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Future weapons against malaria - and the one we have now
By Michael Fumento
O death, where is thy sting? Far too often it comes at the end of a mosquito's proboscis. The worst mosquito-borne disease, malaria, infects about 400 million people worldwide each year (90 percent in sub-Saharan Africa) and kills about 1.3 million of them. Compare that to the histrionics we've suffered over avian flu, which as of 2 April had infected 25 people and killed 12 this year. Or SARS, which killed 774 people worldwide before petering out.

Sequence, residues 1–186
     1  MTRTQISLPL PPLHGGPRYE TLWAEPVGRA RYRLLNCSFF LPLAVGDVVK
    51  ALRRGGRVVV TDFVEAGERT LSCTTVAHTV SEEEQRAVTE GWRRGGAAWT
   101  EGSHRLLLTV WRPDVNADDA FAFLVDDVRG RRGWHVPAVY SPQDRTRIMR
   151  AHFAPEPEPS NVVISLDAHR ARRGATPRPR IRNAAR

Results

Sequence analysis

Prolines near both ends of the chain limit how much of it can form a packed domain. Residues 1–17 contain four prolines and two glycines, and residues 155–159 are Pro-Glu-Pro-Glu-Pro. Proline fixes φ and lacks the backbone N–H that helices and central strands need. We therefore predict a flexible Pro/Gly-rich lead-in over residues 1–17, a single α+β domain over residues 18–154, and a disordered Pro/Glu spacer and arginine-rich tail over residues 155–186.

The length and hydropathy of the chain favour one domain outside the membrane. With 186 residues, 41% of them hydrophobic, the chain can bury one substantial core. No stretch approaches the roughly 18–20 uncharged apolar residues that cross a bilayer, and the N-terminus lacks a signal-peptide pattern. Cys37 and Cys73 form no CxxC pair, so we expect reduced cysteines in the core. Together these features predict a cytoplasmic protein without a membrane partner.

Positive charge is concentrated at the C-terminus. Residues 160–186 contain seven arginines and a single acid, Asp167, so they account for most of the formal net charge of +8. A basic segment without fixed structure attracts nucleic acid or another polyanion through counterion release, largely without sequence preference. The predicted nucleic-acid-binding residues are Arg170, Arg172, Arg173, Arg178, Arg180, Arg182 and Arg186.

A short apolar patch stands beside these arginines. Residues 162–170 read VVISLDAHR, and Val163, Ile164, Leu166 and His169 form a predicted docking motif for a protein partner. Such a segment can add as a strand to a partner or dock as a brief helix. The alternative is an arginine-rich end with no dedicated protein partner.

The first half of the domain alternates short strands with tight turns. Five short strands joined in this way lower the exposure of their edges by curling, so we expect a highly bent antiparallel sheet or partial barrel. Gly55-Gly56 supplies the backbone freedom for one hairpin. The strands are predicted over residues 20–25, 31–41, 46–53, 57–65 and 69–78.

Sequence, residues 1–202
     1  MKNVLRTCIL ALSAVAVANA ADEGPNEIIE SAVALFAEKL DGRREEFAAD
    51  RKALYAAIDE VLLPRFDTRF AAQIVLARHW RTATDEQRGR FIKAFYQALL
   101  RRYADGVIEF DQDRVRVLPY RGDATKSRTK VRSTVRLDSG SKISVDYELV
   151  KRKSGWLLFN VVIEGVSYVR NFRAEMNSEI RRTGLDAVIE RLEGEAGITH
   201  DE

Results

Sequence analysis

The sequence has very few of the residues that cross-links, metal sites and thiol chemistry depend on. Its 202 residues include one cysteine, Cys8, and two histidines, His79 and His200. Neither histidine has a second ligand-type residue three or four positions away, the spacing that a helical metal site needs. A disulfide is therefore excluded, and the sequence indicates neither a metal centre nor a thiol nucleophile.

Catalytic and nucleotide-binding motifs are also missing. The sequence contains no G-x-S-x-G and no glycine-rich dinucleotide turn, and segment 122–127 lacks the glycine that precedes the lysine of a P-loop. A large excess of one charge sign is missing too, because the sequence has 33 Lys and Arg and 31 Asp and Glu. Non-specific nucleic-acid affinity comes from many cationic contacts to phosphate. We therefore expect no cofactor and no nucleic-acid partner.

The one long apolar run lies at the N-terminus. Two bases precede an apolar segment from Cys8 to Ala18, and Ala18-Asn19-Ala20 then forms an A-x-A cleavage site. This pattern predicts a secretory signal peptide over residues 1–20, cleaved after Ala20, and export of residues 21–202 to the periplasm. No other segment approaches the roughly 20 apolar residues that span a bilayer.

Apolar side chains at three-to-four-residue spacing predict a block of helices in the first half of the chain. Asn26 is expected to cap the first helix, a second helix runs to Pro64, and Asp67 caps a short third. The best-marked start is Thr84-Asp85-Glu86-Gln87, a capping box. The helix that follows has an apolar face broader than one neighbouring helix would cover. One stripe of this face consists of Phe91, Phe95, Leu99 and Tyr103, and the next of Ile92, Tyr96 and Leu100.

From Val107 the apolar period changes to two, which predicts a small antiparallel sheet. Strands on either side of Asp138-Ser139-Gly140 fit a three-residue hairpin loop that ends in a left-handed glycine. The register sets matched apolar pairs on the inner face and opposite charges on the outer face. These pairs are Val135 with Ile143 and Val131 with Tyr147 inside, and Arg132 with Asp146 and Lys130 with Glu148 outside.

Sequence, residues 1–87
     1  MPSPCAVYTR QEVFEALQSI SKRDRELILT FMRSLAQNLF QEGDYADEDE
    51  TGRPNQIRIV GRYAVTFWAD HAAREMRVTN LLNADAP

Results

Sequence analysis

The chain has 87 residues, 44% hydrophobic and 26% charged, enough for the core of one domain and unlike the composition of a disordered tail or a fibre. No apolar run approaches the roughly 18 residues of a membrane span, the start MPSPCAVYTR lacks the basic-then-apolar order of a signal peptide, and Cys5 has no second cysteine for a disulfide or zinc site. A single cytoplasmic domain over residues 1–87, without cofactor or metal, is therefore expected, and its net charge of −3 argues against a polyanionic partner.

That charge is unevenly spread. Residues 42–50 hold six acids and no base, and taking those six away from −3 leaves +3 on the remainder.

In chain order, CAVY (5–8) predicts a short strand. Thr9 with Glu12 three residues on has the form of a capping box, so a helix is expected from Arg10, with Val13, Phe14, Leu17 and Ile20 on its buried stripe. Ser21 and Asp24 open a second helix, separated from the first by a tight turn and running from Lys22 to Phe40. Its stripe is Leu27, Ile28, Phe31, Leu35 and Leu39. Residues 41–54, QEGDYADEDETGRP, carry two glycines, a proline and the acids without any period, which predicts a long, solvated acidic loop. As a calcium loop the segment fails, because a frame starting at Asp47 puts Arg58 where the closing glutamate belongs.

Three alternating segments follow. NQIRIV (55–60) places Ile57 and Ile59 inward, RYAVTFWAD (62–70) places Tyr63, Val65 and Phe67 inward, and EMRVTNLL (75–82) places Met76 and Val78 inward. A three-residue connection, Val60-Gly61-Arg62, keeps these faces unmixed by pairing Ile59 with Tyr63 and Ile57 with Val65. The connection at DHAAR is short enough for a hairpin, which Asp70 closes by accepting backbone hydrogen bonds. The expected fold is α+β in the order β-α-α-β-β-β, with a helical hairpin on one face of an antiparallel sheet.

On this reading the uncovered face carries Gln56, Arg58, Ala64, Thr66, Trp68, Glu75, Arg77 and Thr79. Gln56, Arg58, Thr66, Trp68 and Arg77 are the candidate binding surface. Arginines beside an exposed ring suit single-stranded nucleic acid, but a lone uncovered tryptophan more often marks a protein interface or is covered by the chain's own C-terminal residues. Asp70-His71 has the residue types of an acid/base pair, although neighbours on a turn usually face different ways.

As I write in TCS Daily, biotechnology may eventually come to the rescue. Scientists have announced they've built a better mosquito, one that doesn't become infected with the parasite that causes malaria. Ultimately, it's hoped, these mosquitoes will outbreed natural ones. A biotech malaria vaccine is also in the works. Aye, but there's the rub. A malaria vaccine has been in the works for decades. For now what we need is something that's tried and true and readily available. Yes, that means insecticides and yes that means DDT. Fortunately, pro-DDT activists are finally starting to gain the upper hand over spoiled brat environmentalists who think the deaths of black- and brown-skinned people don't count and know nothing more about DDT than that Rachel Carson made all sorts of horrible claims about it of which none have proved true.
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